Interesting Ammo Issue

A while back I ran found a live 45ACP round at a range.  Normally I collect dud and live ammo and hand them to the range officers on the way out.  In this case I forgot and brought it home.  It has just sat here as I do not have a 45ACP firearm to shoot it with.

1-disassembled (2)Rather than try to find a 45ACP to fire it at a range, I decided to disassemble the round and disable the primer for safe disposal. There was powder in the case when I disassembled it. What I got was a shiny case, a nice bullet, and a bit of powder which is what I expected to get.

2-live_primer (2)Checking the bottom you see what would indicate a live primer.  So far things look normal for taking apart a cartridge.

The next step is to disable the live primer to make it safe to remove it and then either dispose of the case or clean out the case to get it ready for reloading.

When I looked inside to put some WD40 in the case to disable the primer and saw the following.  Does anyone see something missing here? Where is the flash hole?

3-Problem (2)

There seems to be several issues here.

  1. I don’t know about you but I do not see a flash hole here?  Because the primer looks like it is a live primer, it does not seem to be a good idea to drill out the flash hole.
  2. Without drilling it out there doesn’t seem to be a good way to disable the primer.
  3. There doesn’t seem to be a good way to measure the thickness of the brass at the flash hole point to see if it will just open up when the primer ignites.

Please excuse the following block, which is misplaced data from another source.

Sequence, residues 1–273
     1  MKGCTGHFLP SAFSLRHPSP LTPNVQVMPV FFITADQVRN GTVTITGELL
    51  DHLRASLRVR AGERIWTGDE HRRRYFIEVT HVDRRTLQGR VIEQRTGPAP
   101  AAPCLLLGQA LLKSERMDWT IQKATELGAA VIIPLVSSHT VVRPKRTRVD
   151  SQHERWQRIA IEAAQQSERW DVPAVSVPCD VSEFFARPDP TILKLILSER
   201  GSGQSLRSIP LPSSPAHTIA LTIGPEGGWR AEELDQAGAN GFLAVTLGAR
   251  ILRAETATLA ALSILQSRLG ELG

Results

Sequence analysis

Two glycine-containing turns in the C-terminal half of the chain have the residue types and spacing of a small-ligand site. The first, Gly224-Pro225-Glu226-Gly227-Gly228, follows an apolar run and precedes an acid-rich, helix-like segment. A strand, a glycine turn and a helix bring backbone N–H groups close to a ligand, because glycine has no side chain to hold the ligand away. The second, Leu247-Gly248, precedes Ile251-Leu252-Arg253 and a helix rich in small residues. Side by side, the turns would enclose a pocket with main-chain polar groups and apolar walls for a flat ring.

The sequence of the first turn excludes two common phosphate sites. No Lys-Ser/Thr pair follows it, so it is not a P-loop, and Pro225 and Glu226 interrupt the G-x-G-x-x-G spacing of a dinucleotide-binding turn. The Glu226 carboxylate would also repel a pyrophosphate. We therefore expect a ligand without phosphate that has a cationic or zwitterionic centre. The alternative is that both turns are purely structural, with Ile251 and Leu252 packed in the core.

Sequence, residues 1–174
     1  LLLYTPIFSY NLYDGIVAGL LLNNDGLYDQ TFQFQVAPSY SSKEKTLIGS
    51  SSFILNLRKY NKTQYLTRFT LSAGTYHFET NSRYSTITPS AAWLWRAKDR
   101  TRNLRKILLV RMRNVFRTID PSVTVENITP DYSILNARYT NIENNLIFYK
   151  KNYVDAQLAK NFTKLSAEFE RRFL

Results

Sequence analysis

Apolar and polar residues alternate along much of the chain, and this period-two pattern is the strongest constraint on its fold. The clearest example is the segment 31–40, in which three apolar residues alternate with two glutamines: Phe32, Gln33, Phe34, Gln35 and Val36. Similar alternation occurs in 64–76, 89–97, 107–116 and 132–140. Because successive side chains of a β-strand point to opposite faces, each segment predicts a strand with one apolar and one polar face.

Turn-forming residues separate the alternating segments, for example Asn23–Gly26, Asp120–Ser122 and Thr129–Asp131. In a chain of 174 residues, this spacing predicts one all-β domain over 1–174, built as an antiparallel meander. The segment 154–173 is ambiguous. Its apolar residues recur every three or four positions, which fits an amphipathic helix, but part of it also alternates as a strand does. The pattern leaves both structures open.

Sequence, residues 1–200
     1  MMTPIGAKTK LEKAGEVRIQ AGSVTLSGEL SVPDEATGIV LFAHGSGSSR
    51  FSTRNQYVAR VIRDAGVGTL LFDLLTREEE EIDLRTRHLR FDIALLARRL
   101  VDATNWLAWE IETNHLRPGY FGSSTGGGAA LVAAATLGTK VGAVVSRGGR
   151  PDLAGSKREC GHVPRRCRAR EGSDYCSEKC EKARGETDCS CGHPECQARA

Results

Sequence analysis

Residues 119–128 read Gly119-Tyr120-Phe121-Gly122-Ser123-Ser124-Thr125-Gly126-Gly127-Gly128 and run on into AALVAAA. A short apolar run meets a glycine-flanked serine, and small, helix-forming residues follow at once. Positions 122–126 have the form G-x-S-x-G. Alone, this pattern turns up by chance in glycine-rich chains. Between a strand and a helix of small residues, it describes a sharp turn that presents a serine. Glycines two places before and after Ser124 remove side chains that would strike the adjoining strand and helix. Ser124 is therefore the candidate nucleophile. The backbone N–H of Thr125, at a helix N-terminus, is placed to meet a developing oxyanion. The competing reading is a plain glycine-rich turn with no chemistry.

4. What kind of damage to the barrel will be done by the brass being thrown out of the case when the primer ignites?
  5. What effect will the plugged flash hole have on the pressure created by just a primer?
  6. How can you tell this is a problem with any particular round when the powder is in and the primer and bullet have been seated properly?

4-fired_round (2)5-fired_round_flash_hole (2)

Here is a picture of a fired 45ACP with a spent primer still in the case.

This is an interesting set of issues and questions that I do not have any answers for, yet.

If anyone has seen this or knows where the information can be found, please let me know.

In the mean time, if I find a live 45ACP cartridge at the range I might take it home and disassemble it to see if this is normal for a 45ACP.


Clever code is not a good idea.

Clever code is hard to debug and harder to maintain.

Debugging is twice as hard as writing the code in the first place. Therefore, if you write the code as cleverly as possible, you are, by definition, not smart enough to debug it.
—Brian Kernighan

Other studies show it is many times harder to maintain code.  I know, I’ve had to maintain code written by “clever” programmers who wrote it then quit to go to another job because it was too hard to maintain their code.